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Re: [avr-gcc-list] Re: Newbie question

From: David VanHorn
Subject: Re: [avr-gcc-list] Re: Newbie question
Date: Wed, 25 Feb 2009 16:50:32 -0500

I'd be surprised if either the original code or your modified code actually works - since TOV1 is 2, the conditional can never be true. The code you *really* want is:

       if (TIFRx & (1 << TOV1)) {
This section I'd not tested yet, and it may be pretty much irrelevant since the pulses are pretty short, and very unlikely to ever roll the counter.
However, I had intended to trap that condition, so thanks for the catch.

You also seem to have forgotten to enable optimisation.  There is no point trying to hand-optimise your code if you don't let the compiler do its job properly!  Use "-Os" optimisation unless you have particular reason to do anything else.  
I had -Os selected in the makefile I was using. Which is another reason that I was surprised to see the pushing and popping of unused registers.  It's possible that the optimization was somehow not on, or not working as I noticed that when I commented out major routines in main, so that they never were executed, the compiled code size wasn't changing by more than a few bytes. Apparently it wasn't "seeing" that those blocks were never used.  Another alligator that I was going to look into at some point once I drained the swamp a bit.
Also enable compiler warnings - at a minimum, use these flags:

       -Wall -Wextra -Wunreachable-code

Then the compiler would have told you of your error here.
I had -Wall on, but not the others.  I'm VERY new to this, and makefiles are yet another thing I have to learn.
I also just switched today, to using Studio as the IDE in front of GCC, rather than Programmers Notepad.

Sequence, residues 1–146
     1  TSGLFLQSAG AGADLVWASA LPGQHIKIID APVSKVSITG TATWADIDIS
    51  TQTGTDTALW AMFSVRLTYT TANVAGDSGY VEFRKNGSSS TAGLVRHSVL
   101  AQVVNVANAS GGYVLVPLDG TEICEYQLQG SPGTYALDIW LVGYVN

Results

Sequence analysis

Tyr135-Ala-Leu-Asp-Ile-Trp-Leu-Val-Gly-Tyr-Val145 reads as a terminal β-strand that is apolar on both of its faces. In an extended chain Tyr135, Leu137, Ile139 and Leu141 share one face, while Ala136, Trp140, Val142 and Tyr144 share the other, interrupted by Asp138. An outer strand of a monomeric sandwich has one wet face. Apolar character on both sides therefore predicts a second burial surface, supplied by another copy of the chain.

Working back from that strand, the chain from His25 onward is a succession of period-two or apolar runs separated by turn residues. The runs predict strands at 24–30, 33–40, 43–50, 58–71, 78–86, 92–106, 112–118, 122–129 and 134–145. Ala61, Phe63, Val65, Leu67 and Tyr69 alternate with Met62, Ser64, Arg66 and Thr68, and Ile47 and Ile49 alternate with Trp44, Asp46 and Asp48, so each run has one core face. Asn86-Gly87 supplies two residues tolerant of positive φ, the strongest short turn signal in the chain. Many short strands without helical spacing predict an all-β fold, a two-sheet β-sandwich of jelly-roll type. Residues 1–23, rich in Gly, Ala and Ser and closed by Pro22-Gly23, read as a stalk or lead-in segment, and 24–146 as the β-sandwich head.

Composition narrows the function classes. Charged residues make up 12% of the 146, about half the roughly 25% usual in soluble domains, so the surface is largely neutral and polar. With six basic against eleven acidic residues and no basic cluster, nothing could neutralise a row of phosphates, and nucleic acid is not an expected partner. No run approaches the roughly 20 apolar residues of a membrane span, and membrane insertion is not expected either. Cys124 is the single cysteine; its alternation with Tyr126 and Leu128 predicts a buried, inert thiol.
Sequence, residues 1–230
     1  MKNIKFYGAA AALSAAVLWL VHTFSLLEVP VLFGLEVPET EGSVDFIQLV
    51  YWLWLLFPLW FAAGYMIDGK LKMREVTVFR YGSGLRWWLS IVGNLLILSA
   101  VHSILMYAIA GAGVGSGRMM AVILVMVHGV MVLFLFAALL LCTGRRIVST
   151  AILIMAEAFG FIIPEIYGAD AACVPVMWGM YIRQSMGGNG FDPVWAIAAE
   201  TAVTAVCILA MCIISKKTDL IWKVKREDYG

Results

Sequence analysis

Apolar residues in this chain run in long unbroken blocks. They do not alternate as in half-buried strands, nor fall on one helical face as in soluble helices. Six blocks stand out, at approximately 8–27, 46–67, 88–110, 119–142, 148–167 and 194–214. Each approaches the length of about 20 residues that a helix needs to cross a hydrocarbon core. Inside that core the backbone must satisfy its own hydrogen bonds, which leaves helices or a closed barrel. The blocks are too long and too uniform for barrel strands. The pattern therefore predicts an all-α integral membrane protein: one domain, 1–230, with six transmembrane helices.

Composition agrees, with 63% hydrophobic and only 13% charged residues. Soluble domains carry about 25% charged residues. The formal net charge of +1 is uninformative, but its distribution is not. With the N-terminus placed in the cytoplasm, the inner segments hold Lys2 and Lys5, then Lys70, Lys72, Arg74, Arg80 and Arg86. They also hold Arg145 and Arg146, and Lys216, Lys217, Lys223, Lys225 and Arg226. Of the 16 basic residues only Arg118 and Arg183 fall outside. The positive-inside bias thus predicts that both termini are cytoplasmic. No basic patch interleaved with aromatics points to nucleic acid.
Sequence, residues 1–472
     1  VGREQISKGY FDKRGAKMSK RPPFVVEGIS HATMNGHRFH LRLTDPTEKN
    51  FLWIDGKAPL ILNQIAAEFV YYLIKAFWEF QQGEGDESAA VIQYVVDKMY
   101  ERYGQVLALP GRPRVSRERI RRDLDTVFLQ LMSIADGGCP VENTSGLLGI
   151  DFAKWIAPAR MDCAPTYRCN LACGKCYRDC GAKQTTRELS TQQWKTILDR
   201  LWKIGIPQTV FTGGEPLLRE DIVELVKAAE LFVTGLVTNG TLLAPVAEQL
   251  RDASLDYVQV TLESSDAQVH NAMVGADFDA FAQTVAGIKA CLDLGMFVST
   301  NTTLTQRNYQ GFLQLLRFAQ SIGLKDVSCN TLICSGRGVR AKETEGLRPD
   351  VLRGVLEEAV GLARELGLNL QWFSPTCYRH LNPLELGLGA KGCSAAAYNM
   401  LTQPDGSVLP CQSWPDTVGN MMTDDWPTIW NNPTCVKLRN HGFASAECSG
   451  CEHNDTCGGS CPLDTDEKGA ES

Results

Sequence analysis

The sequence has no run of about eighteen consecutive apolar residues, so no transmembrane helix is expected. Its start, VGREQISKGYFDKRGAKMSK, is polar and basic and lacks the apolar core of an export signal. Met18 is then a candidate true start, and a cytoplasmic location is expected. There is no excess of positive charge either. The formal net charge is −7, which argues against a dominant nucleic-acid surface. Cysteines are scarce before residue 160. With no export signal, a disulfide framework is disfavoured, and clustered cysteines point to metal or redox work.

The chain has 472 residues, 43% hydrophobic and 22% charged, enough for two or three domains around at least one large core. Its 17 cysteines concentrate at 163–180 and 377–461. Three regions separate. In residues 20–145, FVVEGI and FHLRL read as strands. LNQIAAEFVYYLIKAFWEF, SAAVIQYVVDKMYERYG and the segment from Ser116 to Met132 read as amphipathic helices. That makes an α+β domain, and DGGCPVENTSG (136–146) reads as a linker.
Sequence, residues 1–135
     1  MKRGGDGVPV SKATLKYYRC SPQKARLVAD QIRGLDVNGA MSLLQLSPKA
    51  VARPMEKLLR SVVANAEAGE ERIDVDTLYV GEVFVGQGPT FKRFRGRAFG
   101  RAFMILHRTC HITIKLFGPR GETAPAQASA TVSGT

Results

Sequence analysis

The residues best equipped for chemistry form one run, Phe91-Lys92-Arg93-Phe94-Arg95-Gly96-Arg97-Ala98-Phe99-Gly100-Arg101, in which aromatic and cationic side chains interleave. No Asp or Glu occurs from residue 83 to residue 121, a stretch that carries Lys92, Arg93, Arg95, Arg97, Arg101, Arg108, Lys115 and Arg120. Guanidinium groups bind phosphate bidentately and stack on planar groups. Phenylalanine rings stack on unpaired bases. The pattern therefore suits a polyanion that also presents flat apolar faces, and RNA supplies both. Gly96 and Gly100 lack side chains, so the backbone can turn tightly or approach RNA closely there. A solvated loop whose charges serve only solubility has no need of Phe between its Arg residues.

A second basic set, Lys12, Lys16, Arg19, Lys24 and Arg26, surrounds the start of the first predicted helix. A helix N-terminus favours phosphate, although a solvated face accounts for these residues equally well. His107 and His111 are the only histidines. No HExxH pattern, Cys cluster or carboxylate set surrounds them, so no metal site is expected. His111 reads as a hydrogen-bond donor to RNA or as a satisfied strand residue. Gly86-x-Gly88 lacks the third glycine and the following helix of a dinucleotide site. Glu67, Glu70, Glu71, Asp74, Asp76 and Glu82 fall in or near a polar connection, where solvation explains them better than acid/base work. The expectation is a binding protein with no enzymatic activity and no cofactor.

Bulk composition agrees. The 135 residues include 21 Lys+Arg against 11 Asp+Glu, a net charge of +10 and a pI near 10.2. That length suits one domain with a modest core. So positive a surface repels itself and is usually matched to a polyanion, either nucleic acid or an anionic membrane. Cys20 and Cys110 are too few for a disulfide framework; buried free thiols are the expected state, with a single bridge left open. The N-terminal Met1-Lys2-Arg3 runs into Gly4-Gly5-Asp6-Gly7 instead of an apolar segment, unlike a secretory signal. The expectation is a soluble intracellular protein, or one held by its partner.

I'll have to figure out how to set that up in Studio.
I do try to create code (asm or C) that produces no warnings. Warnings make me nervous.
At the moment, I'm trying to figure out how to get rid of the warning generated by my main not having a return type of Int.
There was a "standalone" flag in my previous makefile that took care of this, but again, I need to learn more about makefiles.
Cool, I got that figured out.  I wonder why it's not the default, but oh well..
Even more amusing.. -Wunreachable-code generated 16 warnings, and none in what I wrote.
A bunch in the LCD library, and one in the delay library.
Also, when posting to the mailing list, it is much more helpful if you include your actual C code (preferably a minimal compilable snippet) and a note of your compiler version and command-line flags.  That will let others test your code and give you more help.  Some people, such as me, *like* the challenge of finding ways to get smaller and faster code for a given function.  But I don't like trying to dig C code out of the comments of an assembling listing.
I try to post as much relevant detail as needed, and no more.
I can always send the full package to anyone interested.
Given my level of experience in C, I expect that my mistakes will be pretty simple and obvious to a skilled practitioner.  :)
It's also not very polite to say that the compiler "irritates you no end" - Eric and many others have spend a great deal of time and effort writing the compiler and tools so that people like you have high quality development tools that are free (as in "free speech") and zero cost. The developers are always happy to listen to constructive criticism, but your complaints should be well-grounded and politely worded.
It may not be what you want to hear, but it's factual.  I appreciate the work that has been done, but when I see ISRs compile like this, I'm just left speechless..  The whole point of ISRs is to get in, and get out, as fast as possible.  Pushing registers that aren't even used is just pointlessly wasting cycles.  If I wrote ASM like that, I'd get laughed at. 
As a newbie to C, here's a couple of tips in writing your code - use plenty of spaces *consistently* in your code, it makes it easier to read, and easier to search.  And *always* write your if's as:

       if (xxx) {

       if (xxx) {
       } else {
Sigh..  This is my second program in C.. On the first one, I got beat up for NOT doing the brackets the way I am now..
The nice part about standards is that there are so many to choose from.  The forms that you're suggesting were how I learned it from K+R, and they use the "expert" form pretty much interchangably with the one above.

Do the same with for and while loops.  Once you are a C expert, you'll occasionally find the short form more appropriate :

       if (xxx) foo();
And I'm using that form where I consider it to be appropriate, when the contitional is relatively short.

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